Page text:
Dr. Thompson’s image — his well-deserved and long-cultivated image — as the drug-crazed wildman of American letters tended to obscure what a canny writer he was, at least when he was on top of his game.

Case in point: The Curse of Lono at first seems to be very loosely organized, filled with odd tangents and sidebars on Hawaiian history that at best could be called background, and at worst filler.

So we get the following data on the Hawaiian god Lono, for instance:

King Lono, ruler of all the islands in a time long before the Hawaiians had a written language, was not made in the same mold as Jesus, although he seems to have had the same basically decent instincts. He was a wise ruler and his reign is remembered in legend as a time of peace, happiness and great abundance in the kingdom — the Good Old Days, as it were, before the white man came — which may have something to do with his elevation to the status of a god in the wake of his disappearance.

Lono was also a chronic brawler with an ungovernable temper, a keen eye for the naked side of life and a taste for strong drink at all times.

And a hysterically funny, but not apparently significant incident where the Doctor acquires an ancient Samoan war club:

"What do you have?" I asked him. "I need something to pulverize an aloe plant."

There was a pause, then he was back on the line.

"I have a fine cutlery set — seventy-seven pieces, with a beautiful butcher knife."

"I can get that from room service," I said. "What else do you have?"

There was another long pause. In the background I could hear a woman yelling something about "crazy..." and "chopping our heads off."

"You're fired!" he screamed. "I'm tired of your stupid whining. It's none of your business what they buy. Get out of here! I should have fired you a long time ago."

There were more sounds of brief scuffling and a babble of angry voices, then he was back.

"I think I have what you need," he said smoothly. "It's a carved Samoan war club. Solid ebony, with eight power points. You could pulverize a palm tree with it."

"How much does it weigh?" I asked...."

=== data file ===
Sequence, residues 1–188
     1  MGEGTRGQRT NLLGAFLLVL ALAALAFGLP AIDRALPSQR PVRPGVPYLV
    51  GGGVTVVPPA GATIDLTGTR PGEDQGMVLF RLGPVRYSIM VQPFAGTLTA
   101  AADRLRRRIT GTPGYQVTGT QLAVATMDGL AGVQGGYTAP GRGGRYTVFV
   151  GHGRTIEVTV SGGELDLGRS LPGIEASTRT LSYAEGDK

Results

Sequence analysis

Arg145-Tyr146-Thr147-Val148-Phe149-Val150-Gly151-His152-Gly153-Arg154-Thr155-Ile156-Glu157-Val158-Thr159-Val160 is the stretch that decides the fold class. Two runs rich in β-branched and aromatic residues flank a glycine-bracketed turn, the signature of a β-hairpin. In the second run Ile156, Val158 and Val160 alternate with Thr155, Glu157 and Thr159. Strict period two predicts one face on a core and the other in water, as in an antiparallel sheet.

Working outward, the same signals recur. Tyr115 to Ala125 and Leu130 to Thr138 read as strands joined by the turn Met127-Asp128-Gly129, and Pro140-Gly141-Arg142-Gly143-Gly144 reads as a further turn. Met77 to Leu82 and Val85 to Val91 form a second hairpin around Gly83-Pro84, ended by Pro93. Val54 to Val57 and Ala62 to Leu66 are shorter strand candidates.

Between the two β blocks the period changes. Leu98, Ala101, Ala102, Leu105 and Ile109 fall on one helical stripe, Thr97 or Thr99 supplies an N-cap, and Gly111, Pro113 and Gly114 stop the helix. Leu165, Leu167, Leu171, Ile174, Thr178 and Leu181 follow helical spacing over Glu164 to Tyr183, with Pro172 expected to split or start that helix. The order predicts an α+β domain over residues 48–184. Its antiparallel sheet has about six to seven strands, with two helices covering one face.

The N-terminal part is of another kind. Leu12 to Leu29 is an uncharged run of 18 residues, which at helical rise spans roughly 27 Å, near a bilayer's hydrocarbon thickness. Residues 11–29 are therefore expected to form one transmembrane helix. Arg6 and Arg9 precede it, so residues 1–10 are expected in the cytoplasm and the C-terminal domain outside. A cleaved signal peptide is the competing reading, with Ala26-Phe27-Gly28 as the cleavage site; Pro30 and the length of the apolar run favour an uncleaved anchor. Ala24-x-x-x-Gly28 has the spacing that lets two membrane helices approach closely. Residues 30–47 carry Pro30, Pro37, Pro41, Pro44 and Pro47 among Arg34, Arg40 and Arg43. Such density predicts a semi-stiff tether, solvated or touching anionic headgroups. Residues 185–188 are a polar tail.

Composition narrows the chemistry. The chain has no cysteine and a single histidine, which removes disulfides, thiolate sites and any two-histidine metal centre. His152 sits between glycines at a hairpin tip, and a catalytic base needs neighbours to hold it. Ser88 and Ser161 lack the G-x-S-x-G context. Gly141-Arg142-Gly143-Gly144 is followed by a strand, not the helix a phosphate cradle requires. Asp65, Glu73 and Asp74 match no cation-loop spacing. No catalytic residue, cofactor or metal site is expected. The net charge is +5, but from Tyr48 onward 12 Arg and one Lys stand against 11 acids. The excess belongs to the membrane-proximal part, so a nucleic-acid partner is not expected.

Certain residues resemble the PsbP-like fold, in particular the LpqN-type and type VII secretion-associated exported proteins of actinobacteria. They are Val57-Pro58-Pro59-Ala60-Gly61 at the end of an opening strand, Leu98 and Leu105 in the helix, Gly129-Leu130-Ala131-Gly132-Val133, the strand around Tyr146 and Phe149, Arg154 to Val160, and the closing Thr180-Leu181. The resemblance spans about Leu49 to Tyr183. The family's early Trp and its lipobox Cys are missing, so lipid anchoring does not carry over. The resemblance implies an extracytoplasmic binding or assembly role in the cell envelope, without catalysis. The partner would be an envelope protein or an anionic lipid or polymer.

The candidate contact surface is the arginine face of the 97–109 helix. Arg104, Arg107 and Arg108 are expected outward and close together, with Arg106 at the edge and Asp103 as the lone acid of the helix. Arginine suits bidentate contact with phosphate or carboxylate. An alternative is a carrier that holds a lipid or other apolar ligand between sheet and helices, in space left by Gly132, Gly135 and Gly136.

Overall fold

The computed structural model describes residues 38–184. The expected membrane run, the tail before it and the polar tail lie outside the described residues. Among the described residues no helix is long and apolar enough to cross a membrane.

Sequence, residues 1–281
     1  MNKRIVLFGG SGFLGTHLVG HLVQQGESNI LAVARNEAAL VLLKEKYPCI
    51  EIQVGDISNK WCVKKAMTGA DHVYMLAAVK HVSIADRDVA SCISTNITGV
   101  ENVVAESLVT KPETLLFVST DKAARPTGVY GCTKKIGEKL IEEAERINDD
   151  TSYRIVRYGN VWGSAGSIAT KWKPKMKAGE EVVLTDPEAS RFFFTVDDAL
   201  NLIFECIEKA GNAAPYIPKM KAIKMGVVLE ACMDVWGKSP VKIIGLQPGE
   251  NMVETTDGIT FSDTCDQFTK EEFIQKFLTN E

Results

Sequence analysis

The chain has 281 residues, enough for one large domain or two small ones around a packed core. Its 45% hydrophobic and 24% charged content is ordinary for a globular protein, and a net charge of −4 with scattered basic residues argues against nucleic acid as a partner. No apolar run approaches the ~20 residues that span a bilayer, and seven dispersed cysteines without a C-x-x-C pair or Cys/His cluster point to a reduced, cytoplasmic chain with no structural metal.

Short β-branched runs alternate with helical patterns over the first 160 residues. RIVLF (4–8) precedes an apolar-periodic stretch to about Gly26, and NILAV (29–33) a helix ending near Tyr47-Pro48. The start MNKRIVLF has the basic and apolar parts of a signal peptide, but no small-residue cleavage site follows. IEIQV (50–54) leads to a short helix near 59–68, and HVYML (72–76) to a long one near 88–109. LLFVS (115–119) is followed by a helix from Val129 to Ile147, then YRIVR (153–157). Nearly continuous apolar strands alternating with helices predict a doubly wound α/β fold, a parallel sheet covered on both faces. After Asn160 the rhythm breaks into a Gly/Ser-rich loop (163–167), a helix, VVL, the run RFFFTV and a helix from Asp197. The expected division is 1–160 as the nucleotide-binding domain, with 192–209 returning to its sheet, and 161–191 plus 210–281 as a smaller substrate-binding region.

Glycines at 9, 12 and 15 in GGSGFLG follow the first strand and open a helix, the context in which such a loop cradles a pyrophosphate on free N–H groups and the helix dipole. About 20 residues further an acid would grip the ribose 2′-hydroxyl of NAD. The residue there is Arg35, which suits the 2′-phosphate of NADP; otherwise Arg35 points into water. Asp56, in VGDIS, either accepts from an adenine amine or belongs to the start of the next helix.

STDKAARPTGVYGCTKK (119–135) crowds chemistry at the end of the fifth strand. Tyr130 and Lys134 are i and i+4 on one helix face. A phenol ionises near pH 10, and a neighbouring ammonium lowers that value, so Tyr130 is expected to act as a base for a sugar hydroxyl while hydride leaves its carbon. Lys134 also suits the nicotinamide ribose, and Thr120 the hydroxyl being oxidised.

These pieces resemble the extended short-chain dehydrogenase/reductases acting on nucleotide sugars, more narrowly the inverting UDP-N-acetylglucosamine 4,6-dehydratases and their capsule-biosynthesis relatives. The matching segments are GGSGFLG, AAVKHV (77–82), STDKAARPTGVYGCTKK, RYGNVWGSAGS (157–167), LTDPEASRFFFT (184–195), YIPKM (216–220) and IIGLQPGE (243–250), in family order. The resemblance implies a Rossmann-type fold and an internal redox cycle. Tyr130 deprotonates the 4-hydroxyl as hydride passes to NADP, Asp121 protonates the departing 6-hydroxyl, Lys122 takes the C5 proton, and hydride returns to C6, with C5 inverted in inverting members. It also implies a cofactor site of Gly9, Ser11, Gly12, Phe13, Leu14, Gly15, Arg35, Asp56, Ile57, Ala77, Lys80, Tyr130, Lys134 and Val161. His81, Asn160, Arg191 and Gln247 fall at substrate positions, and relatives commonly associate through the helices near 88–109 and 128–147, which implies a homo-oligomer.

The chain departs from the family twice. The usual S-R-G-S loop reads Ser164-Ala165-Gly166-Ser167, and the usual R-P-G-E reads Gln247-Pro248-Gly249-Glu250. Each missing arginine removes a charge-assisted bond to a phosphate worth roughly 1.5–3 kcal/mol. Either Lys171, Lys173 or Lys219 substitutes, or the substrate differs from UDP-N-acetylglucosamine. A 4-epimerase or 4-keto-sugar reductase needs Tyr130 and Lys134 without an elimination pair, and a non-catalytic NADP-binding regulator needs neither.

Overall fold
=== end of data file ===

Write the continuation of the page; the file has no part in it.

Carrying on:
It's very heavy, sir. My scale won't handle it." He chuckled. "Yes sir, this thing is heavy. I'd guess about ten pounds. It swings like a sledgehammer. There's nothing in the world you couldn't kill with it."

"What's the price?" I asked.


"One-fifty?" I said. "For a stick?"

There was no reply for a moment. "No sir," he said finally. "This thing I have in my hands is not a stick. It's a Samoan war club, perhaps three hundred years old. It's also an extremely brutal weapon," he added. "I could break down your door with it."

"Never mind that," I said. "Send it up to the suite immediately."

This is followed by a section on the Honolulu Marathon (see Part 1) and a lengthy description of a vacation on Kona gone horribly wrong, where Thompson’s “sunny seaside compound” turns out to be a group of shacks lashed day and night by vicious surf. After that the narrative wanders a bit — OK, a lot — dealing with marijuana smuggling, a flea-ridden dog, and high-speed driving on a mountain road before finally getting to the big finish.

Along the way Thompson has befriended a local charter captain, who takes him out to fish for marlin. And they find one…

A terrible blood-lust came on me when I saw him leaping right beside the boat, so close that he almost leaped right into it, and when the captain up on the bridge started screaming "Get the bat! Get the bat! He's gone wild!" I sprang out of the goddamn fighting chair and, instead of grabbing that silly little aluminum baseball bat they normally use to finish off these bastards with ten or fifteen whacks....

That's when I reached into my kitbag and brought out the war club and kicked Steve out of the way and then, with a terrible shriek, I hit the beast with a running shot that dropped it back into the water like a stone and caused about sixty seconds of absolute silence in the cockpit.

They weren't ready for it. The last time anybody killed a big marlin in Hawaii with a short-handled Samoan war club was about three hundred years ago.

And this is where it all starts to coalesce… the business with the war club leads the Doctor to a revelation:

I am Lono.

Yeah, that's me, Ralph. I am the one they've been waiting for all these years. Captain Cook was just another drunken sailor who got lucky in the South Seas....

Yeah, that's me, Ralph. I am the one they've been waiting for all these years. Captain Cook was just another drunken sailor who got lucky in the South Seas....

The trouble began on the day I caught the fish — or, more specifically, it began when I came into the harbor on the flying bridge of the Humdinger and started bellowing at the crowd on the dock about "filthy drunken sons of missionaries" and "lying scum" and "doomed pig-fuckers" and all those other things I mentioned in my last update letter.

What I didn't tell you, old sport, is that I was also screaming, "I am Lono!" in a thundering voice that could be heard by every Kanaka on the whole waterfront, from the Hilton to the King Kam — and that many of these people were deeply disturbed by the spectacle.

I don't know what got into me, Ralph — I didn't mean to say it — at least not that loud, with all those natives listening. Because they are superstitious people, as you know, and they take their legends seriously....

The word traveled swiftly up and down the coast, and by nightfall the downtown streets were crowded with people who had come from as far away as South Point and the Waipio Valley to see for themselves if the rumor really was true — that Lono had, in fact, returned in the form of a huge drunken maniac who dragged fish out of the sea with his bare hands and beat them to death on the dock with a short-handled Samoan war club.